from addict 2 advocate marilyn l davis

Recovery: Who You’ll Be Tomorrow Depends on Changes Today

The reality is that change is going to feel painful, unfamiliar, uncomfortable, and uncertain. Too often people focus only on their pain, what they will have to go through to change, without reflecting on the pain that their actions have caused loved ones and friends.

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Why Isn’t My Life Better, I’m Not Using!

    By: Marilyn L. Davis   “What really bugs Henry about Barry, he supposes, is Barry’s complacency. His inner assurance that there is no need to change his self-destructive behavior – let alone search for its roots. ~Stephen King, Dreamcatcher     What are Self-destructive Behaviors?   Self-destructive or self-defeating behaviors are any behaviors that […]

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Changes Give Us Hope for a Better Future marilyn l davis from addict 2 advocate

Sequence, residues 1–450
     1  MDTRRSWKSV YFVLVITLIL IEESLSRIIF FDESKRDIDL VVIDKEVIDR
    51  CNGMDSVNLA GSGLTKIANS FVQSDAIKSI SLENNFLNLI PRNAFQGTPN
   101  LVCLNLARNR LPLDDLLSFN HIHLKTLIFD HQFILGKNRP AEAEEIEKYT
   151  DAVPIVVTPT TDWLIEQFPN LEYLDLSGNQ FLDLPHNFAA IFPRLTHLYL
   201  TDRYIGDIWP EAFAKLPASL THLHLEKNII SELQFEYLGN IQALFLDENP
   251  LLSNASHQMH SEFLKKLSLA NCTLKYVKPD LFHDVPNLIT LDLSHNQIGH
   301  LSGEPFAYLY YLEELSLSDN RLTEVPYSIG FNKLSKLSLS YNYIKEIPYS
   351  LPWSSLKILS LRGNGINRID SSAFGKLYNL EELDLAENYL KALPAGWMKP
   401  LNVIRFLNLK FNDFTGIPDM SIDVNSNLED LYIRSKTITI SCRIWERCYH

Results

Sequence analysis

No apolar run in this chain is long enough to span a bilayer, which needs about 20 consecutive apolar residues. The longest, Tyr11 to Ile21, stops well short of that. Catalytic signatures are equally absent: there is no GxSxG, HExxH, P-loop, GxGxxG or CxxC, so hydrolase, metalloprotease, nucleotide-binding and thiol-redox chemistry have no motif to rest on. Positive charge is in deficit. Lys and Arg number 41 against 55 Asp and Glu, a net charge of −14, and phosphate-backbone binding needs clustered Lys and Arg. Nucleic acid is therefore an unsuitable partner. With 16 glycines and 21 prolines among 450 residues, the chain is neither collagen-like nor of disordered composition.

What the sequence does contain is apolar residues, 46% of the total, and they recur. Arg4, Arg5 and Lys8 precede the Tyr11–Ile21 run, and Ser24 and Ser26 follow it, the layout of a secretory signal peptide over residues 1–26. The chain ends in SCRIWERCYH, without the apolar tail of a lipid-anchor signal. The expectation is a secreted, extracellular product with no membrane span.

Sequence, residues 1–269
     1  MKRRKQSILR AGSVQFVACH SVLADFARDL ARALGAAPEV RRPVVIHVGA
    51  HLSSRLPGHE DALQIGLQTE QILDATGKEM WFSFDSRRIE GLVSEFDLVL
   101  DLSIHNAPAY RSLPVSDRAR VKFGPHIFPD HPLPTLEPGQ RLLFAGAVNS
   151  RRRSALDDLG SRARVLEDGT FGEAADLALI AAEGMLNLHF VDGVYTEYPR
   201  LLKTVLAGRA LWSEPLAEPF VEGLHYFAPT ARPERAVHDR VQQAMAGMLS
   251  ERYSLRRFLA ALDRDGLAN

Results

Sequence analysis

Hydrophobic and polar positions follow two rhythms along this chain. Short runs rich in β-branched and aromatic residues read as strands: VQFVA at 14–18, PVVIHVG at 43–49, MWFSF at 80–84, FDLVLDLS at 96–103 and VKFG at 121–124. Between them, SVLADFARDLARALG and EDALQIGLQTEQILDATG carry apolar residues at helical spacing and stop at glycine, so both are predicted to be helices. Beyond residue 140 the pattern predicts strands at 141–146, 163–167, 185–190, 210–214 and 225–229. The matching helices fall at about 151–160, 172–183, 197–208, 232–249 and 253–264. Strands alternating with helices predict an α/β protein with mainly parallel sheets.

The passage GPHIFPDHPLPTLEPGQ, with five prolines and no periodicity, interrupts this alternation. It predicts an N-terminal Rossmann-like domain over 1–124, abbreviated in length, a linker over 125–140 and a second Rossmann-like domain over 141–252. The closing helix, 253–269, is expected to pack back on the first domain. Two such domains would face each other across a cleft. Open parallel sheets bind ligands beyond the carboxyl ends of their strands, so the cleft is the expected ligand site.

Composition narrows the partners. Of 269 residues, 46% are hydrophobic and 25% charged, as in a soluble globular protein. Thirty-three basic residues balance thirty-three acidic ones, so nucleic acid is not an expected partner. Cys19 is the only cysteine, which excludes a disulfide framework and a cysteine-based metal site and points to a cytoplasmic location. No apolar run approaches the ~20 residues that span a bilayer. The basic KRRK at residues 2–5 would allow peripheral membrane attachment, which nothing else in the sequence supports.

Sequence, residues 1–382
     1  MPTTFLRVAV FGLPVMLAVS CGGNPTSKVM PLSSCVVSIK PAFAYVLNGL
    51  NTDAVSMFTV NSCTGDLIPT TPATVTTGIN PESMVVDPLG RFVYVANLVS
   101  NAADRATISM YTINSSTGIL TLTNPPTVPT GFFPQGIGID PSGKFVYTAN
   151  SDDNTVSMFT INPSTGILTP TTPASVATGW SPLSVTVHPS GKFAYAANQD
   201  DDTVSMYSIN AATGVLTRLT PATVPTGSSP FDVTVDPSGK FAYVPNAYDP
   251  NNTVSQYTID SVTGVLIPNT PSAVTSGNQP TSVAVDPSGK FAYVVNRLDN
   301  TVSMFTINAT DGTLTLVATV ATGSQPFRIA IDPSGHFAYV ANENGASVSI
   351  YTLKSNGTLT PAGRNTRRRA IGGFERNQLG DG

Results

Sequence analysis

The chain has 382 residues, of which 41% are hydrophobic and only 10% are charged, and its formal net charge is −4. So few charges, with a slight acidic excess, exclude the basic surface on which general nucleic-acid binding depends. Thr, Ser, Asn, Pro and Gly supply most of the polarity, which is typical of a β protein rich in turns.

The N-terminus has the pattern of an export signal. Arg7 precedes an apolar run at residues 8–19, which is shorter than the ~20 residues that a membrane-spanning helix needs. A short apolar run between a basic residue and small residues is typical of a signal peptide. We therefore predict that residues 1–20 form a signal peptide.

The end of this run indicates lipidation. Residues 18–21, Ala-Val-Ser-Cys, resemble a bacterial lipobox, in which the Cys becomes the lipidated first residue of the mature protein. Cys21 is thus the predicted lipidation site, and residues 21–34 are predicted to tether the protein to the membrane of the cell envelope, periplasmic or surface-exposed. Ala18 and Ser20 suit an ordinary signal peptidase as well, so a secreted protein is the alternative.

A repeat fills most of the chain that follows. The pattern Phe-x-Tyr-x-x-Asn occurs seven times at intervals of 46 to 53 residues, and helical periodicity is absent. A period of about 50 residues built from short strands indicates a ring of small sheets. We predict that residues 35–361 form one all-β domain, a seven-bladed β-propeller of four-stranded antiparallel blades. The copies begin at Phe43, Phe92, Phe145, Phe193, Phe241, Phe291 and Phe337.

Changes Give Us Hope for a Better Future

For many addicts and alcoholics coming to terms with the puzzle of addiction – knowing they need to change and doing the complete opposite is frustrating and scary. However, the good news is that the barriers and objections are within you and that means you have the ability to change them. It’s just a matter of isolating them, examining them and then changing what doesn’t work or fit anymore.

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from addict 2 advocate

Okay, I Need to Change – But to What?

In one of my first lectures in treatment, I kept hearing about the spiritual principles that I needed to incorporate into my recovery.  For the principles listing on the sign-up sheet, I falsely assumed that I’d go to a dimly lit room, with incense wafting and cloistered monks reading from musty, dusty tomes.  I hoped that they would enlighten me and give me ancient wisdom on how to change.

Instead, I learned from recovering people like myself in recovery support meetings.

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Recovery: When You Contribute, We All Learn

We had a new member in our group tonight. Most of the women have over six months in recovery and facilitating this group, I’ve gotten to know them.  I never expect the newest to speak first, but always acknowledge them and let them know that they may either speak first or let us know when they are ready to introduce themselves; but to always feel free to contribute to the conversation at any time.

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